Join with us on our adventure as we build East Alstead's first brewery and what is quite possibly the only off-grid commercial brewery in the United States. We feel that what we brew and how we brew it are equally important. If you would like to help out with this project, contact me at:

The Belgian Mare Says Hello!

Sunday, September 27, 2009

New Internet Connection Coming October 7

As my loyal readers are well aware, we have been having huge internet problems. I have not been able to log on for nearly two weeks, since shortly after my last post.

Fear not! We have a new internet connection coming on October 7 that should not only be more reliable but much faster. So I ask that you be patient. Until that time I cannot gaurantee that I can make any posts.

I have many things to blog about, but for now I just want to let you all know that I have not abandoned my blog. I just have the world's worst internet service.

See you soon,


Sunday, September 13, 2009

To Prime or Not To Prime - Continued

Oh the pain of dial-up! I have not been able to get on the internet for over a week! This is too much. We hope to be getting a faster connection, sooner rather than later.

The to-prime or not-to-prime experiment continues. My latest test of the no-prime theory is with a stout. This is a very dark beer I brewed with a good bit of dark roasted barley and fermented with a Wyeast German Ale yeast culture. This yeast is an explosive worker. It creates a huge krausen and gets done quickly. I thought it might be an excellent candidate for bottling without priming so I bottled half with primer and half without.

The bottles that were primed came out as expected. They have a huge tan head that takes up about half the mug. They also have the strong chocolaty taste characteristic of the German Ale yeast. I forgot to put in the lactose during the boil, so they are somewhat light-bodied for a stout, but still a very satisfying full-flavored beer. Success!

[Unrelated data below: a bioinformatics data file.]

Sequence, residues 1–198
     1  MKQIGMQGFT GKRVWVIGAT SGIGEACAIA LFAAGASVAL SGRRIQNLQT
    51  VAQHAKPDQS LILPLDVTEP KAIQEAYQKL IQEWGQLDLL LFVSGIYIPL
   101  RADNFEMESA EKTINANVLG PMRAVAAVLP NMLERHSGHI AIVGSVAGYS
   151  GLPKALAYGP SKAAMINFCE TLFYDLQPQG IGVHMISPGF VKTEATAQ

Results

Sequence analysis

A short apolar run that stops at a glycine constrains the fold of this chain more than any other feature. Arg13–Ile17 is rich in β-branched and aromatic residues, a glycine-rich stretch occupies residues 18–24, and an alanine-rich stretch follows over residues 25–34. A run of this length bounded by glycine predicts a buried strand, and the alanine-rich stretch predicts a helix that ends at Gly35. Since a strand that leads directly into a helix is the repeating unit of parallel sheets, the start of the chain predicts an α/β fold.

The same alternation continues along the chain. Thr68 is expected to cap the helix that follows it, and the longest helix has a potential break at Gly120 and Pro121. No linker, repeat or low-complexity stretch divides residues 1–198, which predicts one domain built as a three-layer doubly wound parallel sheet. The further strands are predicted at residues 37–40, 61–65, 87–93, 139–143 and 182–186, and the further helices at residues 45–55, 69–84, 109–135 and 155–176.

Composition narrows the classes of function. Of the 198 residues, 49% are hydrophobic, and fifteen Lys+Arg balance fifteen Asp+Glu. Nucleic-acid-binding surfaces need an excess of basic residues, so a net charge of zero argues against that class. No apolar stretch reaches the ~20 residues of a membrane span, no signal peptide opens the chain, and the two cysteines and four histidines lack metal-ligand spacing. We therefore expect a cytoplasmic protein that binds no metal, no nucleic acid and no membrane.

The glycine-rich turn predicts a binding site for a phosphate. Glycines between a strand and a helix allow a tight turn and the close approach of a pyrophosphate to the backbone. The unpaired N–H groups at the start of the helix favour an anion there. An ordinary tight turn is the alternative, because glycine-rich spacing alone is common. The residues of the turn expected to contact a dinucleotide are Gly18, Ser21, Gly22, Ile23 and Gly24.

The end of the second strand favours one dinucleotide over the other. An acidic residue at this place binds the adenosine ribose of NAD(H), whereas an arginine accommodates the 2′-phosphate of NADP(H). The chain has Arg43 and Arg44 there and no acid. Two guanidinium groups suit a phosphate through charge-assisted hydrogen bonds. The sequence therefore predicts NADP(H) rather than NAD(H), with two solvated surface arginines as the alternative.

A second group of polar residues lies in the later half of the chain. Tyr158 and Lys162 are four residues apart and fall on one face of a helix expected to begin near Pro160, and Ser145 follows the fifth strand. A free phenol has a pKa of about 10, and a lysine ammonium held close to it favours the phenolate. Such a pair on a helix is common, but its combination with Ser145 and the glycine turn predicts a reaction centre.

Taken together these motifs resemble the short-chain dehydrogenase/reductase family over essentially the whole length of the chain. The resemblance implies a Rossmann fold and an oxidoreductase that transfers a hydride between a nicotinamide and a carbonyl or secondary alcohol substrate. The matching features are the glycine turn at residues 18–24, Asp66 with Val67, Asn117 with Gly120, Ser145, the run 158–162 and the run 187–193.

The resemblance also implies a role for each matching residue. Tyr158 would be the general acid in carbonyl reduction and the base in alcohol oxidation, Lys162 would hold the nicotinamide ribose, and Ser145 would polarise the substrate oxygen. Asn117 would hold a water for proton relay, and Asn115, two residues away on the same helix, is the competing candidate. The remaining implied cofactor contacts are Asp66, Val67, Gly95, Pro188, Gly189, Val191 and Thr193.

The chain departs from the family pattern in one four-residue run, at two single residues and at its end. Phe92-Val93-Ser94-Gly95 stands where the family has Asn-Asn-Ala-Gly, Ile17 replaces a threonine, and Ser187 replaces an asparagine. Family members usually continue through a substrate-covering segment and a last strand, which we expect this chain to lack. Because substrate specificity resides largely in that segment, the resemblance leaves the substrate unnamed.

Being just short of a month since bottling, I opened one of the unprimed bottles. As expected, the beer had much less carbonation, though it still managed about an inch of white foam at the top of the mug. The taste was excellent. Again, as expected it was noticeably, though subtly, different from that of the beer in the primed bottles.

The flavor of the beer from the unprimed bottle seemed to be a bit sharper. The chocolate flavor was definitely more pronounced. The flavor provided by the hops was also more noticeable, but still in the background, as it should be with a true stout. There was just enough carbonation to tickle the tongue as it slid smoothly by. Another success!

It seems that once again I have managed to get two distinct and excellent beers just by priming or not priming bottles from the same batch of wort. I am beginning to like this method. It has opened a new frontier of experimentation. Let us see what the unprimed beer tastes like in another month.